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National City’s waterfront park space and vehicle import volumes could both double under a “balanced” land use plan supported by city and Port of San Diego officials.
Port commissioners discussed the plan for three hours last week and ultimately directed staff to put together a project that would add 2 to 3 acres onto the existing Pepper Park, add commercial businesses to the area and accommodate growing auto importer-exporter Pasha Automotive, the port’s largest tenant and operator of the National City Marine Terminal.
“Now is the time and place, after so many years, to strike a grand bargain,” said Port Vice Chairman Marshall Merrifield.
“We are extremely relieved that this land debate appears to be nearly settled due to the sincere efforts of the city of National City and the Port,” said John Pasha, senior vice president of Pasha Automotive.
The tension between Pasha’s burgeoning maritime business and limited public amenities along National City’s coast has existed for decades and resurfaced this summer after a maritime consultant recommended the port give Pasha everything it could to meet demand and increase Port revenues by millions.
Port Commissioner Bob Nelson has called Pasha’s continued growth critical to the Port’s overall operational success. The Port gets a check for every vehicle Pasha brings in or ships out and Pasha’s National City operations alone brought in $12 million in revenue in 2014.
National City Mayor Ron Morrison, on the other hand, has pointed out the disparity between the limited coastal public access in his town and that of the other port cities, including San Diego, Coronado, Chula Vista and Imperial Beach.
Pasha processed 30,000 cars at the terminal in its first year of operation in 1990. That number has grown to 400,000 vehicles and could rise to 800,000 by 2040 if given more space and a new strategic railroad spur through Port property, maritime consultant John Vickerman said.
Providing a new rail connection on a parcel known as Lot K is part of the Port and city’s long-term plans, but will require funding and an agreement from the BNSF Railway. Officials also hope to reroute Marina Way alongside the new rail line and provide a decorative sound wall to divide maritime and commercial businesses.
Though Lot K and a second parcel nearby are zoned for commercial uses, they have been temporarily leased to Pasha for vehicle parking for at least 20 years. As the primary port of entry for cars imported to the United States, including Audi, Bentley, Honda, Isuzu, Mazda, Lotus, Mitsubishi, Porsche, Volkswagen, Hyundai and Kia, much of the National City Marine Terminal is a sea of parked cars.
National City officials are eager to finally see the property developed with public amenities like restaurants and a hotel.
Another major component to the plan requires shutting down much of Tidelands Avenue to give Pasha more space to operate uninterrupted. The street is currently a main thoroughfare used by Pasha and the public to access Pepper Park, the nearby boat launch and Pier 32 Marina located along the Sweetwater Channel.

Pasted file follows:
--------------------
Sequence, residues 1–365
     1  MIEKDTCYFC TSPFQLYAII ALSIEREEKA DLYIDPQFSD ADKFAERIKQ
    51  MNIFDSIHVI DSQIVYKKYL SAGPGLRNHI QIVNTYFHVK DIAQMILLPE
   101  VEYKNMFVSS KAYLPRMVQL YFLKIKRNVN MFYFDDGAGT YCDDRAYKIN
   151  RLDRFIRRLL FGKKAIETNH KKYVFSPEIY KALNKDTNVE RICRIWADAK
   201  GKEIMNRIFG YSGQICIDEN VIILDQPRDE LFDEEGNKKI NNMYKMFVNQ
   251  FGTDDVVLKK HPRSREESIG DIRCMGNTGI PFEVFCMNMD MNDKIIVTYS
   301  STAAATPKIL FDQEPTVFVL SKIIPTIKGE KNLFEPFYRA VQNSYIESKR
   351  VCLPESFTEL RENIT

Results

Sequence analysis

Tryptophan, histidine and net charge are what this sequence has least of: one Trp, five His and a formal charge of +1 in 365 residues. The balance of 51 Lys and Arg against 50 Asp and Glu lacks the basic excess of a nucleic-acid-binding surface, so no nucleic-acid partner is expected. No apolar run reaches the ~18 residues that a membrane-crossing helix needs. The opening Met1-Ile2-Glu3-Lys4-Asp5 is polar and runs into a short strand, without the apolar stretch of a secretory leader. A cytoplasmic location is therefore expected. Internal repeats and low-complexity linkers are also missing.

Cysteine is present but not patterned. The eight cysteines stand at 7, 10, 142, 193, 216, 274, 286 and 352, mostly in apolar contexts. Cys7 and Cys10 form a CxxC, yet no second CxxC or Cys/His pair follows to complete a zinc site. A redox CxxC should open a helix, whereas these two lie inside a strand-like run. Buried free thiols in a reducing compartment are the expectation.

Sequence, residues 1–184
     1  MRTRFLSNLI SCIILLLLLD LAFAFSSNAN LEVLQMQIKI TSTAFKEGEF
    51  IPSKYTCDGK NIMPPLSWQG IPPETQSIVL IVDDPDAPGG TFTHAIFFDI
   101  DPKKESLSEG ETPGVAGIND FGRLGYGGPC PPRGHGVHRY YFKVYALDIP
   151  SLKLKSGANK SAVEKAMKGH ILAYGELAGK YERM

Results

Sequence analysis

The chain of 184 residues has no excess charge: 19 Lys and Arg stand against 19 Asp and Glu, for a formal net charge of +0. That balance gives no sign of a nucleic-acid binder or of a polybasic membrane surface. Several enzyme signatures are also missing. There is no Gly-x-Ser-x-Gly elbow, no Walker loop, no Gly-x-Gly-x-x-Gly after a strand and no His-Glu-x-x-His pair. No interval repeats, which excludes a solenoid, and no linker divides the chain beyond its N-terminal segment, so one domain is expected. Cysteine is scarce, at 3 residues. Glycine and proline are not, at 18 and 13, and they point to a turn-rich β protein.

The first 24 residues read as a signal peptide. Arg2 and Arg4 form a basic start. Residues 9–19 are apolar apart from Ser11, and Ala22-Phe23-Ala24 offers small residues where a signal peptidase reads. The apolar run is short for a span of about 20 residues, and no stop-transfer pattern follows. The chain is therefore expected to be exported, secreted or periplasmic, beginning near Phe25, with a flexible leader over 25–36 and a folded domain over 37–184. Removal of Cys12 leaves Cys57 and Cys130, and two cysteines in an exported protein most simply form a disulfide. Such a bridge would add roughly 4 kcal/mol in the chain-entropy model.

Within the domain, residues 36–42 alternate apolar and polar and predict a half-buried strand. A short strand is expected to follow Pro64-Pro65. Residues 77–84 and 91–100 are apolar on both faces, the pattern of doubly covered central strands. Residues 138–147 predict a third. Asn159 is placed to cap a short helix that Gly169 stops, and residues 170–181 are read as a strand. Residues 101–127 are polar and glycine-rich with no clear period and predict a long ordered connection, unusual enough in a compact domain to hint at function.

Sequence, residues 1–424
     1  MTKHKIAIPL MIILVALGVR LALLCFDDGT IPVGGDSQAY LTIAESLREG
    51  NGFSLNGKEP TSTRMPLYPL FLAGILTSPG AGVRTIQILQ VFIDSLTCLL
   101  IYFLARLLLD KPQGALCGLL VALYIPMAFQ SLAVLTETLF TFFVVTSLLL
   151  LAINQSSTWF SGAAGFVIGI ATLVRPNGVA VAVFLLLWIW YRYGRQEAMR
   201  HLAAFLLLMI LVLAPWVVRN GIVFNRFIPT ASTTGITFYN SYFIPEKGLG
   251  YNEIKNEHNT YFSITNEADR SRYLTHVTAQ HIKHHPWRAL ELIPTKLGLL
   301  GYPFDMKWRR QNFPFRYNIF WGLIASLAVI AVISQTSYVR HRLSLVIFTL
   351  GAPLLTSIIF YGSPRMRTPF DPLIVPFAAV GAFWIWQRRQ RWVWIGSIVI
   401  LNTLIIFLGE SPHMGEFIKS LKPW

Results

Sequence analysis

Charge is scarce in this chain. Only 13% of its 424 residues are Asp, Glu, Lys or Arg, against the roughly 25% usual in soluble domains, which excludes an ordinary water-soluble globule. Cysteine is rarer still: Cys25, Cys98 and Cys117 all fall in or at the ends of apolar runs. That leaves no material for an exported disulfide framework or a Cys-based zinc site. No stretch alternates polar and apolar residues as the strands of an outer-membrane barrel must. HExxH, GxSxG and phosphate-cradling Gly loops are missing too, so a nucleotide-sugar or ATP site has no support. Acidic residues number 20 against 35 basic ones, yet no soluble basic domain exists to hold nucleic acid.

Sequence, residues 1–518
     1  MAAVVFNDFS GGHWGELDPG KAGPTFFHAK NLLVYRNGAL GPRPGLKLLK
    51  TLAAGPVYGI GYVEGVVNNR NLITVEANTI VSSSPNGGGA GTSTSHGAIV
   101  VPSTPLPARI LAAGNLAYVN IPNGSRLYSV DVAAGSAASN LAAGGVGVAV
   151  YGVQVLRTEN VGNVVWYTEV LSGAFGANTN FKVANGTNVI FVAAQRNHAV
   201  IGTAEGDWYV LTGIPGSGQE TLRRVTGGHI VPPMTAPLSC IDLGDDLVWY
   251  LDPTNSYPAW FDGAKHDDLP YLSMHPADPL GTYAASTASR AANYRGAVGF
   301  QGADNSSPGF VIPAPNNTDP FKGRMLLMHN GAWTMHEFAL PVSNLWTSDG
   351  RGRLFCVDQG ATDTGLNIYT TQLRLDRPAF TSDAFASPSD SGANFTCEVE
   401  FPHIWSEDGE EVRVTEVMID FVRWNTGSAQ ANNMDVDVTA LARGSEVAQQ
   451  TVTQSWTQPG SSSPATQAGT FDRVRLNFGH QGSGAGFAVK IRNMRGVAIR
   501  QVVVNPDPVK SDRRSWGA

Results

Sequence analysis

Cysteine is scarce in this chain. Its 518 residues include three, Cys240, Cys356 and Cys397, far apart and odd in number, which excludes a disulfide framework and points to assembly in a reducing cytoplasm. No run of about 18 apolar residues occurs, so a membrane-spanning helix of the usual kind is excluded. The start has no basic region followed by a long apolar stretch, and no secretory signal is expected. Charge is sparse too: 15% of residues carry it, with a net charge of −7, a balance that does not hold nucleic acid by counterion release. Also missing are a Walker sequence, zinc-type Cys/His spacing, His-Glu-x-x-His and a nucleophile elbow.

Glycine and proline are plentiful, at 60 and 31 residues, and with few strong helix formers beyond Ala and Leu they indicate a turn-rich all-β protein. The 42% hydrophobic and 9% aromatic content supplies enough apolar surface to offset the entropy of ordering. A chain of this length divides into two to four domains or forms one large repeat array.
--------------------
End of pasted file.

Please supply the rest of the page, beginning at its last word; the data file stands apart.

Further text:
Commissioners spent a lot of time discussing the impact the Tidelands Avenue closure will have on the planned Bayshore Bikeway route, currently headed down that street.
Alternatives proposed by Pasha and National City officials move the path east alongside protected wetlands, which could pose its own troubles, officials surmised. The alternate routes will be studied further before a permanent path is chosen to be a part of the 24-mile bikeway encircling San Diego Bay.
At first blush, it doesn’t look like Pasha will be giving up much of what it wants if all elements of the balanced plan make it through the environmental permitting wringer in 2018 or 2019.
The company will get more space to operate when Tidelands Avenue is shut down, and once a 5.7-acre former tank farm site is permitted and rehabbed – a delayed project Pasha was supposed to finish by 2012, according to its 30-year terminal operating agreement signed in 2010.
It’ll be another Port tenant, not Pasha, that gives up space to add parkland. Dixieline agreed to give up an acre currently used to process lumber shipments. Another street, Goesno Place, is also being eyed for closure to expand the park.
Pasha will eventually have to vacate the 8 acres it’s temporarily using that’s zoned commercial, but development isn’t imminent. Some details of that transition and other parts of the plan still have to be worked out.
Port staff are also working to formulate a funding plan to pay for the sound wall and park enhancements – some residents have asked for a soccer field or water feature where kids can play, in lieu of a beach.
Still, National City residents and Port officials are feeling good about inching closer to that vision of energizing the small slice of the coastal South Bay near the terminal.
“We all know these things can be very contentious or we can all work together to make that win-win-win situation,” Morrison told Port commissioners.
“It was suggested to me that this would be World War III,” said Port Chairman Dan Malcolm. “It looks a whole lot better because of compromise.”